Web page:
Welcome to my newsletter for July 2018, the last before September as the Parliament goes into recess during August.
Brexit negotiations are now completely shambolic with two key Tory ministers resigning over May's latest proposals, and a possible leadership challenge on the horizon.
The UK Government White Paper on Brexit sticks to the Tory's 'having your cake and eating it' approach and will still not be acceptable for the other 27 Member States. We are now nine months away from leaving the EU for good and it is difficult to see what progress has been made. Big Welsh employers, including Airbus, Ford, Tata Steel and Toyota, say they may have to reconsider their UK bases in the event of a hard Brexit or no deal. We cannot take that chance.
Brexit campaign 'broke electoral law' in referendum
The Electoral Commission has fined Vote Leave more than £60,000 and reported them to the police after an extensive investigation revealed illegal conduct in the EU referendum campaign.
The watchdog found evidence the group exceeded its legal spending limit by almost £500,000 by funnelling money through the 'BeLeave' campaign. It also failed to account for a significant amount of its spending and refused to be interviewed by the watchdog on the matter.
The people's vote
Calls for a vote on the final deal are becoming impossible to ignore. The Leave campaign lied to voters and now the reality has become clear. Brexit is economic suicide.
There is no majority in the UK Parliament for no deal, a hard brexit or a soft Brexit. This is yet another reason why it should be put back to the people. I am pleased the Labour leadership has not ruled this out. We must let people have a say on the final deal so they can make an informed choice.
The next EU budget
Business as usual continues in the Parliament. I am in charge of writing reports on the EU budget for 2019 and the next Multiannual Financial Framework 2021-2027 to establish funding priorities across the EU.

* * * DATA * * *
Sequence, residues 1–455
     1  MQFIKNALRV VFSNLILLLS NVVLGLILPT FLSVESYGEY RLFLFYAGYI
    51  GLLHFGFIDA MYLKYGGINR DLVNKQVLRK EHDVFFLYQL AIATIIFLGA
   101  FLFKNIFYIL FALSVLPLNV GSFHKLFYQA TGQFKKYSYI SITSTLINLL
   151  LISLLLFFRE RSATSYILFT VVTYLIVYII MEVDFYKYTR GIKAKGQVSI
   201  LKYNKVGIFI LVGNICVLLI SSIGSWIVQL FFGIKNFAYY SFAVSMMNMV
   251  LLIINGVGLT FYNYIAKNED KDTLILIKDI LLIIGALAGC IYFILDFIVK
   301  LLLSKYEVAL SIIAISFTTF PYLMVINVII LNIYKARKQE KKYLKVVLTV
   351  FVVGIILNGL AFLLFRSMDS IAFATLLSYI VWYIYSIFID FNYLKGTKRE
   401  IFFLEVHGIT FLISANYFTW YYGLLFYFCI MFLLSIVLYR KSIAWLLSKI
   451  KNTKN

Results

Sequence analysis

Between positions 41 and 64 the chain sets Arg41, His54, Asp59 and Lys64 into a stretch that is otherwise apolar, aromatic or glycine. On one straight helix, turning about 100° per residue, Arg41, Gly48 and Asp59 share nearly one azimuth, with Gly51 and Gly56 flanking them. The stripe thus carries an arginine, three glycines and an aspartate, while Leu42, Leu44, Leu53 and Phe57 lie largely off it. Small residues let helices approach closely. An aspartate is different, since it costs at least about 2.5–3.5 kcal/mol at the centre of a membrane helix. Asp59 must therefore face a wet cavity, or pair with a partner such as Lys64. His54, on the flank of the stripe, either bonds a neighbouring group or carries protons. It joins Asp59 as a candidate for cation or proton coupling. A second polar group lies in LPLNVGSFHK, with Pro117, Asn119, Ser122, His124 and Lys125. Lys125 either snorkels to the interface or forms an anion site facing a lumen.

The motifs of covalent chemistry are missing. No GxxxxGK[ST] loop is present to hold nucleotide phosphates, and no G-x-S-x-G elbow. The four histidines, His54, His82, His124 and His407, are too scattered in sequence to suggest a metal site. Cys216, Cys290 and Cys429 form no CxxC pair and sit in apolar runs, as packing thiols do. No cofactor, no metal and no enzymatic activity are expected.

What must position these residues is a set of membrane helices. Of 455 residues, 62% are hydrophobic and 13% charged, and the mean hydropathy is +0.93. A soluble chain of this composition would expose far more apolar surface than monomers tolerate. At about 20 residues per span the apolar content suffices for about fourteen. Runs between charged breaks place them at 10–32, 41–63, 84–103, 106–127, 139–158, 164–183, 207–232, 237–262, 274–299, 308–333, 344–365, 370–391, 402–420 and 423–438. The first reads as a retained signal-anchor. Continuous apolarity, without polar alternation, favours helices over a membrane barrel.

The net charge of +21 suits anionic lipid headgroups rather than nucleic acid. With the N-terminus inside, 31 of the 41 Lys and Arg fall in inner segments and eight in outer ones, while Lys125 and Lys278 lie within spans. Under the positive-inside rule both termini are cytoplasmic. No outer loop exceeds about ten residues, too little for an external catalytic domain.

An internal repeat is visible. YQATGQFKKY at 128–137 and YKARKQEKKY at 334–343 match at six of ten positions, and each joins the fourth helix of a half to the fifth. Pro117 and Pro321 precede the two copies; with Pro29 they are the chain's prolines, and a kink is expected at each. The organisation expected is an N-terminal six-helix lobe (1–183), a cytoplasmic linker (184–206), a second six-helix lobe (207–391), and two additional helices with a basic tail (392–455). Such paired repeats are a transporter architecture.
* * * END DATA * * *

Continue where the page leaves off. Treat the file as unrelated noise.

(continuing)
The European Parliament's position on budget 2019 has been agreed, including a strengthening of the Youth Employment Initiative and new funding for Erasmus + and other flagship programmes, such as the Connecting Europe Facility and Horizon Europe. Sadly, Wales will no longer benefit from these funds after 2020.
If you have an EU query or if you are concerned about how Brexit will impact you please write to me at firstname.lastname@example.org
Welcome to my newsletter for July 2018, the last before September as the Parliament goes into recess during August. Brexit Update Brexit negotiations are now completely shambolic with two key...
The UK Government is still stuck on the Irish border issue and stuck on how to handle the flow of goods post Brexit. They have been fumbling with these issues for over a year now and still have no feasible solutions, with just 10 months to go.
Myself and 30 other leading politicians in Wales have signed an open letter calling for a public vote on the final Brexit.
Wales was promised a whole host of things by Vote Leave during the 2016 EU referendum. We were promised we wouldn’t be worse off; we were promised that our funding would continue; we were promised £350m a week for the NHS.
It’s clear that these promises will not be kept. This real and tangible Brexit economic drag is impacting business growth, productivity, and people's futures.
Voters were lied to by the Leave campaign. They now deserve a vote on the final deal.
You can see the text of the letter in full here: https://walesforeurope.org/31-05-2018/
Meanwhile, in the European Parliament
Posted workers - This week Labour MEPs backed the recent agreement on posted workers (employees sent by their employer to carry out a service in another EU country on a temporary basis). The new measures, which we have long been pushing for, include posted workers receiving the same pay as local workers from day one of their posting; the same allowances; and temporary work agencies guaranteeing posted workers the same terms and conditions as temporary workers hired locally. This agreement protects workers posted to another EU member state and stops employers undercutting wages.